Effect of Verbal Instructions in Pain Assessment during a Passive Straight Leg Raise Test in People with Chronic Low Back Pain
Open Journal of Therapy and Rehabilitation
The most prevalent issue in physical therapy is pain. Due to the subjective nature of pain, assessment tools are essential in understanding it as objective data. However, assessment of pain may result in distress for the patient. A physical therapist (PT) should conduct these tests as quickly and accurately as possible. Straightforward instructions are vital in such cases. This study aimed to clarify the effect of verbal instructions for pain assessment during a passive straight leg raise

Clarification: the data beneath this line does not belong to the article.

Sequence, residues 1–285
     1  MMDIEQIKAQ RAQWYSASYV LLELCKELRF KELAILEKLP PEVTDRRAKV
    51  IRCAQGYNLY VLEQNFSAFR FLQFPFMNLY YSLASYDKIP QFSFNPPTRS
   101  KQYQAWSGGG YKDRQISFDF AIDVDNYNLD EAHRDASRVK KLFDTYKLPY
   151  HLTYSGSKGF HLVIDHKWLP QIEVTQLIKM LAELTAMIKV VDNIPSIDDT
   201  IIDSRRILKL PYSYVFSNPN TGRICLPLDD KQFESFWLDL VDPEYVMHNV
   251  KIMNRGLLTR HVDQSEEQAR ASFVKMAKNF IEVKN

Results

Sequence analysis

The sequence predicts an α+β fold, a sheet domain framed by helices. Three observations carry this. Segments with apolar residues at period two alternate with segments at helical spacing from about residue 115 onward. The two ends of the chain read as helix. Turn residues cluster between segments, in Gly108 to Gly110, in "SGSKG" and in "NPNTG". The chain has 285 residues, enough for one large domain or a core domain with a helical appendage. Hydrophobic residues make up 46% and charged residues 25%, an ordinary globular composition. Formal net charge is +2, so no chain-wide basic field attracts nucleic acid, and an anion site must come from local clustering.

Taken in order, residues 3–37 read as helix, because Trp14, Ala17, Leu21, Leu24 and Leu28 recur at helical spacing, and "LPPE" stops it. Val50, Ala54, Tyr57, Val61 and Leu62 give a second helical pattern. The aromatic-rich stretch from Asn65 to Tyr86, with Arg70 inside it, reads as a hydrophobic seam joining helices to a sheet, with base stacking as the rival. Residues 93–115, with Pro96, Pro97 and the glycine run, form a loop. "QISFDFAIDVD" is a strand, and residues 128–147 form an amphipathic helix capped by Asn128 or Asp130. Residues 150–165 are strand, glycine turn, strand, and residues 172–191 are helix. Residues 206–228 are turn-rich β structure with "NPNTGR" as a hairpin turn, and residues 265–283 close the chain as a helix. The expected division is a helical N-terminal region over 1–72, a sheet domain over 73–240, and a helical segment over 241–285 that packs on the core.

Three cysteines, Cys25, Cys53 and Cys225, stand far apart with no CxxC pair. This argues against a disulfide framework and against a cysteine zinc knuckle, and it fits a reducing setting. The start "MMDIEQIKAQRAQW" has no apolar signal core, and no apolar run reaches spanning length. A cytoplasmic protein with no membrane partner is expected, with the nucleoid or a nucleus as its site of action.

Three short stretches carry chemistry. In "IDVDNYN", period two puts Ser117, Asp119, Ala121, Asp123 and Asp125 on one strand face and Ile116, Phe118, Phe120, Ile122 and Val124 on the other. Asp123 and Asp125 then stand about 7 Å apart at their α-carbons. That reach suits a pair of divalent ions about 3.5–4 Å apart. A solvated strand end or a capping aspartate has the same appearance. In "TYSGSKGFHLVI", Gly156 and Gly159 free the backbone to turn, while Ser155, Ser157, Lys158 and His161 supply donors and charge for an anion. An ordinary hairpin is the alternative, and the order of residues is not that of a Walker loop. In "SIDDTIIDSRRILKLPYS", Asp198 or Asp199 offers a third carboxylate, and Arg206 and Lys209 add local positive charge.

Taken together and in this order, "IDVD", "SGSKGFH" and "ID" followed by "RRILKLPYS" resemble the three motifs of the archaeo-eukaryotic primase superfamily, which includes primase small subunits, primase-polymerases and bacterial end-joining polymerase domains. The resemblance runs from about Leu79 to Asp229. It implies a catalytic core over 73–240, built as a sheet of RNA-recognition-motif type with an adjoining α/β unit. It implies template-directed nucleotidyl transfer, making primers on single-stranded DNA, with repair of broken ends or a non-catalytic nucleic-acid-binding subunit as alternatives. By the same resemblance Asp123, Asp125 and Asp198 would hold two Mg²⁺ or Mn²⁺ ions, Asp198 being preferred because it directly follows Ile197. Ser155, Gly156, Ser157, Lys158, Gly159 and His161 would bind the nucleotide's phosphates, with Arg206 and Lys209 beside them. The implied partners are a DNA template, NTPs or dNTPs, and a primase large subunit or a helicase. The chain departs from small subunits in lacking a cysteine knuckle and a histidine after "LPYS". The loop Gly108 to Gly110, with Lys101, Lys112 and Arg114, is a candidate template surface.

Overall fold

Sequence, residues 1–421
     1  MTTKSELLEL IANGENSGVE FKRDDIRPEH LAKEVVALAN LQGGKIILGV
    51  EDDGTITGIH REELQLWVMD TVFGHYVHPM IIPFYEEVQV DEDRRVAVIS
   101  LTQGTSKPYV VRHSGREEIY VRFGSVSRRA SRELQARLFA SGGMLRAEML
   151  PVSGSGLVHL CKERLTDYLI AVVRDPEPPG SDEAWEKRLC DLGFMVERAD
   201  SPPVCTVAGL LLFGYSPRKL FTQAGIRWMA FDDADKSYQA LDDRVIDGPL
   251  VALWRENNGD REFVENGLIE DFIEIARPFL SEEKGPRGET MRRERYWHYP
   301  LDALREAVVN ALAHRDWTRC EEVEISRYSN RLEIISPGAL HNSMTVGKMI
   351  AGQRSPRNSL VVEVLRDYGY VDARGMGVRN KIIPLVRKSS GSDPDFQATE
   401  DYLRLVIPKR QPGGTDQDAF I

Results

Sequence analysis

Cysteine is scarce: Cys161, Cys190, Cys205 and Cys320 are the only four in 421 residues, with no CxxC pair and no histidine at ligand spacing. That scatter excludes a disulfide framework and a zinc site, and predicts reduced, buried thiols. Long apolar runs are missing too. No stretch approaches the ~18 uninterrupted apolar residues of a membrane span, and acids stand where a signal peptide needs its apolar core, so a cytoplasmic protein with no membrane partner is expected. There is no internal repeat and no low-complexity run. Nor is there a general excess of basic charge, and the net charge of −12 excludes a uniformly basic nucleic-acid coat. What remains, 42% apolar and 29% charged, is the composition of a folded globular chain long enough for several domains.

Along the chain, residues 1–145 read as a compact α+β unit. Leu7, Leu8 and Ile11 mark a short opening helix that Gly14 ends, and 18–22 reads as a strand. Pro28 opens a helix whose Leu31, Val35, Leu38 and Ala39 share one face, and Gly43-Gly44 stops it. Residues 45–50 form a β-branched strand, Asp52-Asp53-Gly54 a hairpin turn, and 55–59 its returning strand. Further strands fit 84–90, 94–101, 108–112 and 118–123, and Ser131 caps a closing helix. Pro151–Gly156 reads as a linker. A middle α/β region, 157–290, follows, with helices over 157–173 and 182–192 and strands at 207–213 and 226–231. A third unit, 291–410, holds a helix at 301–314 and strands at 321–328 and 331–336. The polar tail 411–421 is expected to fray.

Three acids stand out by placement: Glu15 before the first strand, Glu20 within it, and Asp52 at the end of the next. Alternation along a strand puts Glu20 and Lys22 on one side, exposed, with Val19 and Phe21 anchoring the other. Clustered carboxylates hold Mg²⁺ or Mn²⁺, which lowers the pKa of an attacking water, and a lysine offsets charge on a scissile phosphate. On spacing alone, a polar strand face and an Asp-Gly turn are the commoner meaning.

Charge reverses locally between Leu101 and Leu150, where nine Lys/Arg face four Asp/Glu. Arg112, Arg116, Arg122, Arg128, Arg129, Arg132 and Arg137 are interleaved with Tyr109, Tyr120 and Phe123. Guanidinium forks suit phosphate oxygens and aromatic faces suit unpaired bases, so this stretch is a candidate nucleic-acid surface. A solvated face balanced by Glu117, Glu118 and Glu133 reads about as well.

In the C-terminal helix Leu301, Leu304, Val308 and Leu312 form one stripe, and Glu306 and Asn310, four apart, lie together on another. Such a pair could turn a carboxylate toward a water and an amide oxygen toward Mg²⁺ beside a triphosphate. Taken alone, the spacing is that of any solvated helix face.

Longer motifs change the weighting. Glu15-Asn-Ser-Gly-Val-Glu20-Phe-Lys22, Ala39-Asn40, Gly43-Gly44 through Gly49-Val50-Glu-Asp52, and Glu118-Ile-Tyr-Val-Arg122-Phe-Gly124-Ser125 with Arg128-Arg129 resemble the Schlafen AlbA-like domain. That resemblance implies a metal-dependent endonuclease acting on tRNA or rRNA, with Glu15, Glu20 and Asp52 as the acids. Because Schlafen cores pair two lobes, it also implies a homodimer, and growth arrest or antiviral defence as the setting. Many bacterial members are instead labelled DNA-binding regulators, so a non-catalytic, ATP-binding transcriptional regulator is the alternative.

... test for participants with chronic low back pain (CLBP). This study included 22 participants who provided informed consent and received three consecutive PSLR tests with measurement of the hip flexion range of motion (HFROM) and were instructed to cease the test at submaximal pain before the first test. Following the second and third tests, participants were given specific verbal instructions to remember pain intensity, quality, and location. After each test, participants were to circle the pain location on the body chart and rate their pain intensity on a numeric rating scale (NRS) and pain quality. All participants were then interviewed about the differences between having and not having specific verbal instructions. The results of HFROM, NRS, and pain extent were not significantly different between the first and second tests or between the second and third tests using a paired t-test. Eleven changes in pain location were found in the second test compared to those in the first test. In the third test, only three participants circled a different area than in the second test. Ten participants showed similar changes with pain location in pain quality in the three PSLR tests. This study revealed the effect of specific verbal instructions prior to PSLR tests.